It is even more distressing that J & K Chief Minister in 2013 should say that he was not consulted and had no hand in the execution of Guru. If one were to believe the chief minister that Delhi did not regard it important to take him on board and that a mercy request made by PDP did not hold any merit, chief minister has a reason to stand up to Delhi for failing to address the bare fundamentals in such cases and resign.

Chief Minister has not only failed in his oath to the people of Jammu and Kashmir, he has equally let down all those Kashmiris who braved the annoyance of establishment in Islamabad and made valiant efforts to bring him and his father out of cold, to share the favour and credibility of Pakistani leadership in London, Toronto and Brussels. Chief Minister has betrayed the sentiment which stood at guard to protect him in Islamabad, when the establishment decided to ignore him and drive rest of the delegation to Mir Pur.  The flow of Kashmiri delegations that kept calling on him in his hotel in Islamabad frustrated the establishment. The exclusive reception in his honour hosted by Muslim Conference could not have been possible without the intervention of Kashmiri Diaspora.

Government of India has stated that the J&K government has been taken into confidence before Guru’s hanging early on Saturday. The common sense supports the GOI claim because an execution required a preparedness to face an instant law and order situation in Kashmir. Therefore, it would have taken a considerable discussion between Delhi and Srinagar to put in place a contingency plan to keep order in various parts of the valley and to respond to a spill over.

The manner in which the execution seems to have been carried out without informing the family to have a final word with Afzal, find about his last wish and how to conduct the family affairs after his death, highlights a characteristic of a primitive cave age society. There is no grace in the manner of justice.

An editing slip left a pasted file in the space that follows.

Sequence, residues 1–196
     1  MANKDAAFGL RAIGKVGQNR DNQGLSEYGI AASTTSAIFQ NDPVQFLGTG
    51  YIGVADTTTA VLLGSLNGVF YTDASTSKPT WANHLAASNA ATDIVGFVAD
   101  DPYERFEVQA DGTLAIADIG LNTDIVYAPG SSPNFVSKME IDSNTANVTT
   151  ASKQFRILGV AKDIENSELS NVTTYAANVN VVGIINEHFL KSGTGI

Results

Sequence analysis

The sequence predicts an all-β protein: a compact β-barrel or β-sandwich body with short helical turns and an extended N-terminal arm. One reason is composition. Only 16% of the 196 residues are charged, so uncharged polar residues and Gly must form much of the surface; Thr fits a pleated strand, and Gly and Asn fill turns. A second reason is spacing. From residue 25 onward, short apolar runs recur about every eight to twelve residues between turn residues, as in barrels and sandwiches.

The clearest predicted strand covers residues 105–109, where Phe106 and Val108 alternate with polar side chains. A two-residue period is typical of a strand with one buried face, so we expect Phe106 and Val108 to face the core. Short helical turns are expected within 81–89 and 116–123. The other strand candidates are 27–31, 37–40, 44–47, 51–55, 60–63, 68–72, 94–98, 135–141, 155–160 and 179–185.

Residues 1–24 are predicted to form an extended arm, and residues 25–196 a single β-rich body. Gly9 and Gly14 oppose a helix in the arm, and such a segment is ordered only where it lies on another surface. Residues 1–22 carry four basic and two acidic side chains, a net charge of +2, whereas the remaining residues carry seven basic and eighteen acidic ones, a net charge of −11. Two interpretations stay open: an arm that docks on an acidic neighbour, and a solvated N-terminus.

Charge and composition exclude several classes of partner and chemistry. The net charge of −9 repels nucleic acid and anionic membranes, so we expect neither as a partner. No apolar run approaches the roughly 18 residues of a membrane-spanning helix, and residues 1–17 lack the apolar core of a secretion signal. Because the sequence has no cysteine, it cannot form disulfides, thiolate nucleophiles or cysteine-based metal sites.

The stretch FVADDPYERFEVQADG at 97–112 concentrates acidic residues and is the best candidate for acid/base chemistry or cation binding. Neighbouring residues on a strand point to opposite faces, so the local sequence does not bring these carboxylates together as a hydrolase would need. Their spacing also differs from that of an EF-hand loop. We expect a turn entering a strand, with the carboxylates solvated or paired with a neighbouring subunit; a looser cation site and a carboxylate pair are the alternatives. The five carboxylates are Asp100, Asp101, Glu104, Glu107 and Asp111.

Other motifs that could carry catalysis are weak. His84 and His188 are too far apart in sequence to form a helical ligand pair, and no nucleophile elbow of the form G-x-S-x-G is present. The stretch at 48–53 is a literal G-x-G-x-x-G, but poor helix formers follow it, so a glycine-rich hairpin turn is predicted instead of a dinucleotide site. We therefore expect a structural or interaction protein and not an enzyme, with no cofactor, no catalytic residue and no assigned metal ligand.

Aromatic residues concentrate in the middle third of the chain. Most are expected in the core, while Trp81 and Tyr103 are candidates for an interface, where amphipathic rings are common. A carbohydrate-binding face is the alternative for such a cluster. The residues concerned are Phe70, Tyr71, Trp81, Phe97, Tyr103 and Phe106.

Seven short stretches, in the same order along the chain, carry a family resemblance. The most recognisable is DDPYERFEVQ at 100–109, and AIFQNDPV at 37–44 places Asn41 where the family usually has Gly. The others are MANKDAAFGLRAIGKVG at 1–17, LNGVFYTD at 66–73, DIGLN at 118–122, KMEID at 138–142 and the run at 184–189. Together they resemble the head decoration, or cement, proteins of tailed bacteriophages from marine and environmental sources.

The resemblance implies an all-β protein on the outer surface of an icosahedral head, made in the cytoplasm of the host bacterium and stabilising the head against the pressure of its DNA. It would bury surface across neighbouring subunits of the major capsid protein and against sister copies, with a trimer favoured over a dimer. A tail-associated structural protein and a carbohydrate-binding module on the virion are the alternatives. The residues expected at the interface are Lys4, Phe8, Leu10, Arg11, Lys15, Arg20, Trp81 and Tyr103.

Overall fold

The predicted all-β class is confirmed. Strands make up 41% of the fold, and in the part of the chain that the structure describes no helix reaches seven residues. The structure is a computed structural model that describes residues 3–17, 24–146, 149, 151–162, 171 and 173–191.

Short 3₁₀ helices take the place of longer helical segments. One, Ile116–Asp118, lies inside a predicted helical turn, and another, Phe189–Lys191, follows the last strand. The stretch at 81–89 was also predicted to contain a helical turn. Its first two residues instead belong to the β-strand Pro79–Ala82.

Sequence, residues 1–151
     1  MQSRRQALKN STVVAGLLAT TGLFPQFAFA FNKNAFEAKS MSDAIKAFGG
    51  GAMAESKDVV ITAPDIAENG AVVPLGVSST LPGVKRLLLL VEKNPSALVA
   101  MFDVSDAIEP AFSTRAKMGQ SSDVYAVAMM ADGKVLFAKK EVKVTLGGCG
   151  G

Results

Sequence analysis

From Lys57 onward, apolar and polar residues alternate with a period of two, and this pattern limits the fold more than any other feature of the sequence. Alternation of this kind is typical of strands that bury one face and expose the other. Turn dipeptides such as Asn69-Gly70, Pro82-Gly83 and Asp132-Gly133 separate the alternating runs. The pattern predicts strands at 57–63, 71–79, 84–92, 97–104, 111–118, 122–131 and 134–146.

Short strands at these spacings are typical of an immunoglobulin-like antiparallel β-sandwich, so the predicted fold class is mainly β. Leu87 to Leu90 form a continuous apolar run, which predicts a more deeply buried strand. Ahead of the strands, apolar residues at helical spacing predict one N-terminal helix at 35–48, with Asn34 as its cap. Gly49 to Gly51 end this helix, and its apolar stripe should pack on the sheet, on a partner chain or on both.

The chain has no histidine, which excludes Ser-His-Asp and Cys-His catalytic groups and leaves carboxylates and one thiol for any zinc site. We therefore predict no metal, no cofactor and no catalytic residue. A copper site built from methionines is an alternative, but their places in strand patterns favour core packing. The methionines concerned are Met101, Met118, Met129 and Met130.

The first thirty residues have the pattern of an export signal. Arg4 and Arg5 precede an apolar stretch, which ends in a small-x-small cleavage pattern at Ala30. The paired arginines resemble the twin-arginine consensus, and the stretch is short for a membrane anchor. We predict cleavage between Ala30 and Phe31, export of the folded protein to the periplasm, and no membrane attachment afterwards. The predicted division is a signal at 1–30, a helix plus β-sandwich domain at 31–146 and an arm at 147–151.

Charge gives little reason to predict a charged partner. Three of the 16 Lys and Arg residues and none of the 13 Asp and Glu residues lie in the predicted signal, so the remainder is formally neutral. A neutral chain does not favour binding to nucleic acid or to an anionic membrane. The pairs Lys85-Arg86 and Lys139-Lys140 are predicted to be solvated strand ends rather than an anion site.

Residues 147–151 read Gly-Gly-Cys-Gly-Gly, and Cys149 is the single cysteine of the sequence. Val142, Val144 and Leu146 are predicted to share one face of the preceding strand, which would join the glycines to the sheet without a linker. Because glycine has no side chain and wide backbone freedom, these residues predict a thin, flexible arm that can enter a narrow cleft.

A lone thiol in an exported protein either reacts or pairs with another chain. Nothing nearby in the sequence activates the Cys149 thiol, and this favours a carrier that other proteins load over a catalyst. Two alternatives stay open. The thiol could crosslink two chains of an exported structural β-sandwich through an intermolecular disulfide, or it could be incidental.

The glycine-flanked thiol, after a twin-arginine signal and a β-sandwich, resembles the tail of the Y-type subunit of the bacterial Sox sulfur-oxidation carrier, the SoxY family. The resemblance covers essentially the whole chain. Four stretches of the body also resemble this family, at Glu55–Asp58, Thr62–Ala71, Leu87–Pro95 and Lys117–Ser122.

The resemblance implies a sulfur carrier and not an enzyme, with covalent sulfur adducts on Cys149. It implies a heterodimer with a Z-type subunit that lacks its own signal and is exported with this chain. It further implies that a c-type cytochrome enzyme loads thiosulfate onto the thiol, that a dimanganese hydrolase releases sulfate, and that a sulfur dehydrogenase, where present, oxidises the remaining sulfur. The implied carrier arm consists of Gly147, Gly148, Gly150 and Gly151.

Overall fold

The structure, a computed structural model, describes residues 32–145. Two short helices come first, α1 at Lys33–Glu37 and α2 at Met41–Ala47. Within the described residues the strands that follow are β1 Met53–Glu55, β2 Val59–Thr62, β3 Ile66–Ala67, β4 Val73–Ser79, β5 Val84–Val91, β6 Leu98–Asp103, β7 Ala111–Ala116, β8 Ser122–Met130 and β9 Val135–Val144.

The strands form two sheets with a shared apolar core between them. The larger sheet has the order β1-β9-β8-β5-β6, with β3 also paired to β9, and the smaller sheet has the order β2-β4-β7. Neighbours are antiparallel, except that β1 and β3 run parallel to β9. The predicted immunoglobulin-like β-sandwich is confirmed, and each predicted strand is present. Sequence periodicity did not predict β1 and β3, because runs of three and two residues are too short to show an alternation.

It would raise many eye brows in the decent circles in India and across the world that Guru’s family had been informed about his execution through “Speed Post and registered post”. It is very unfortunate and callous disregard of the urgency involved in such communications. If at all a Kashmiri prisoner facing a death penalty and being prepared to walk to the gallows had any ‘rights’ in the discipline of Indian justice, Delhi should have alerted the J & K Government to break the news to them and to provide necessary means to the poor family to make it in time to Tihar jail before the noose was tightened.

The statement of Union Home Secretary R K Singh that J&K government has been taken into confidence before Guru’s execution puts chief minister’s credibility in the boil. However, Guru’s lawyers Nandita Haksar and N Pancholi have stated that his family was not informed about the government decision to hang him. It does not do much good to the duty to fairness and the discipline of justice, if the Union Home Secretary feels unsure and has asked the Director General of Jammu and Kashmir Police to check with Guru’s family whether the intimation sent to them through Speed Post, registered post has been received by them or not.

It was a requirement which should have been addressed before the execution. The statement of the lawyers that the family came to know about Guru’s hanging only through news channels does not endear Delhi to Sopore in particular. “The family was not informed about the decision. They came to know only through news channels. The family is in Sopore. They cannot come due to curfew,” makes a painful statement. Delhi administration which guards every household in Kashmir should have paid due regard to the fact that even if the family was informed in time, travel time for them would not have been enough to make it on time to Tihar jail in Delhi.

Afzal’s execution may seem fit to satiate the feelings of revenge but justice is not about revenge. There is difference between asking a full pardon and a petition praying that death sentence be commuted to life imprisonment. On balance one could satisfactorily state that hanging Afzal would neither serve the cause of justice nor repair the loss suffered by the families during the attack on Parliament. Our condolences go out to Afzal’s wife Tabassum.

Author is London based Secretary General of JKCHR – NGO in Special Consultative Status with the United Nations.  He could be reached on email dr-nazirgilani@jkchr.com